This under-appreciated artist had a difficult and insular life, but he still managed to express his extraordinary imagination and technical ability in art. Born in Schwerin, Germany, he trained as an artist in Munich and an architect in Berlin. He worked in both professions before psychological instability prevented him from living independently.
In 1917, Goesch was admitted to a psychiatric clinic for hallucinations. He would remain there for two years. After his release he settled in Berlin and became a member of the artists’ associations Die Gläserne Kette (The Glass Chain) and Novembergruppe (November Group) together with Bruno Taut, Walter Gropius, and Lyonel Feininger. He also joined the Arbeitsrat für Kunst (Workers Council for Art). But by 1922, newly diagnosed with dementia praecox (which modern psychology would likely label schizophrenia), he had to return to a psychiatric clinic.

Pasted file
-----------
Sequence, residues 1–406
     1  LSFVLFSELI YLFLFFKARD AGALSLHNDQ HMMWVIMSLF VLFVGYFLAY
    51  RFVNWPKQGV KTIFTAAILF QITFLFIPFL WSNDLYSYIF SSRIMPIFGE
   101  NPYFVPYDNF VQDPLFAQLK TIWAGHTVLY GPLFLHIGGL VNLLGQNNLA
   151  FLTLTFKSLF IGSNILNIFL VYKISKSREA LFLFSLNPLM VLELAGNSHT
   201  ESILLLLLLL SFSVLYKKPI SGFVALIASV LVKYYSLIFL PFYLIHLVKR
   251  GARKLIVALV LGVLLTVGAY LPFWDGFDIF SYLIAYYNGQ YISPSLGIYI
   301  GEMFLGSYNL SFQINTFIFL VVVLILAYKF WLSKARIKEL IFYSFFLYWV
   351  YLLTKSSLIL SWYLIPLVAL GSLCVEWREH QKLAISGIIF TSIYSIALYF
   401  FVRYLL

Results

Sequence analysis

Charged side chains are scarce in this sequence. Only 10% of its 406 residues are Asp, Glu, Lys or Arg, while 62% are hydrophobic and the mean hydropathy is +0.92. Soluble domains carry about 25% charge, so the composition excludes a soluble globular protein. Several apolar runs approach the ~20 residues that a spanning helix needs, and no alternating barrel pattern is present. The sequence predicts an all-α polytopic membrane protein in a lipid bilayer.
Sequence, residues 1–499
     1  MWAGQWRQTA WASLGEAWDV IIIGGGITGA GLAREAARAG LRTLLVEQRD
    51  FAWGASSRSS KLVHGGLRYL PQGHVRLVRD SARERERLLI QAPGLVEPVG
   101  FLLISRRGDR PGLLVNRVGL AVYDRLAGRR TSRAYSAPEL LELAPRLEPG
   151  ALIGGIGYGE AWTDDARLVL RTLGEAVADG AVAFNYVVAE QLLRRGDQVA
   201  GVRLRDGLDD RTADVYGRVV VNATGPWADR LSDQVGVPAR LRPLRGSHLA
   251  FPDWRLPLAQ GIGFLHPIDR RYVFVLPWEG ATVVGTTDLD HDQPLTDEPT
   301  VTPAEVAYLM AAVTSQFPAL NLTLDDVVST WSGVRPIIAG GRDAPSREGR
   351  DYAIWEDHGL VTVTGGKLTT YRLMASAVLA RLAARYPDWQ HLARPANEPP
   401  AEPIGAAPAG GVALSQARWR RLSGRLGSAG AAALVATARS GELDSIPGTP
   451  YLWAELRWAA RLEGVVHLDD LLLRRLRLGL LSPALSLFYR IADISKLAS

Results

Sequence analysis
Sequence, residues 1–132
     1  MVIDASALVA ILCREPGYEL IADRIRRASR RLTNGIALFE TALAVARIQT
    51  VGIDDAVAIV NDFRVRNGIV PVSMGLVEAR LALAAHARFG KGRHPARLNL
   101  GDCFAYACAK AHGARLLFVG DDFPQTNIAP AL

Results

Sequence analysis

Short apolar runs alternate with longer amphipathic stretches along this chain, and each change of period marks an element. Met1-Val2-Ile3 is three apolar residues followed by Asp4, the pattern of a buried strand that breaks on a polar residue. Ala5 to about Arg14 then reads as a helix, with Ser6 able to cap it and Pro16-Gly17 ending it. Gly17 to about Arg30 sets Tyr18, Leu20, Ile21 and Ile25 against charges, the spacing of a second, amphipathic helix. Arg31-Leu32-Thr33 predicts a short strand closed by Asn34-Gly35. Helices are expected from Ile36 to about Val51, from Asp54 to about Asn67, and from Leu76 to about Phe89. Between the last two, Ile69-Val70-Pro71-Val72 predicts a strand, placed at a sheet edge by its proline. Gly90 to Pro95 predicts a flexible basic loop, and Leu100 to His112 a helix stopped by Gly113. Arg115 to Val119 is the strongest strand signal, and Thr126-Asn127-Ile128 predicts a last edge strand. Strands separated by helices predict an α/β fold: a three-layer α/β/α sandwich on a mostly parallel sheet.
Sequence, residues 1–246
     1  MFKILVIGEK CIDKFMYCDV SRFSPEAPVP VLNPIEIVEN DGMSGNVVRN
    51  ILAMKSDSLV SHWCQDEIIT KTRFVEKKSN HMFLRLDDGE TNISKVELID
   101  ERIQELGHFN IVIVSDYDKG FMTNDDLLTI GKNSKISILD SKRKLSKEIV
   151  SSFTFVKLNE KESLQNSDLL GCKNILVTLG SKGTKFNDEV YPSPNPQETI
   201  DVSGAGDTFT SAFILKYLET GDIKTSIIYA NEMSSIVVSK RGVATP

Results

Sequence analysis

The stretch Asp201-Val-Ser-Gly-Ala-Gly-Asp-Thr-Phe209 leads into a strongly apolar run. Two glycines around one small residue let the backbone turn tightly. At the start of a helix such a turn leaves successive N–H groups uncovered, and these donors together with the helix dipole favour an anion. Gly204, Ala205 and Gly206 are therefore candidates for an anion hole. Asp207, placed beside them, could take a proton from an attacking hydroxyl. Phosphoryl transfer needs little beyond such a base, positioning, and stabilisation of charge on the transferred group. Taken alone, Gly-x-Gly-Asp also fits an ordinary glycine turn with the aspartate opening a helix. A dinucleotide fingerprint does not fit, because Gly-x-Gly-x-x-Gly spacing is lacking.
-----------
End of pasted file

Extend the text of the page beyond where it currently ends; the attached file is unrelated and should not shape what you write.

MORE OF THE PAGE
The clinics in which Goesch resided granted him varying degrees of freedom to make art, which was usually fantastical, architectural, or religious in nature. His minutely detailed images attest to many hours of diligent work, as well as a seemingly infinite mental stock of architectural and historical imagery. He was abruptly barred from creating in 1934, when the Nazis sent him to the Psychiatric Hospital of Brandenburg at Teupitz and forced him into manual labor. Goesch ultimately became a victim of the Nazis’ murder regime targeting mentally ill and physically disabled people: tragically, he was killed in 1940.
The remarkable quality of his art has brought Goesch posthumous attention. Many of his works are included in the collection of psychiatrist and art historian Hans Prinzhorn, now held at the University of Heidelberg. His works are also part of the collections of the Akademie der Künste in Berlin, Berlinische Galerie Landesmuseum für Moderne Kunst, Fotografie und Architektur, the Hamburger Kunsthalle, and the Centre Canadien d’Architecture in Montréal.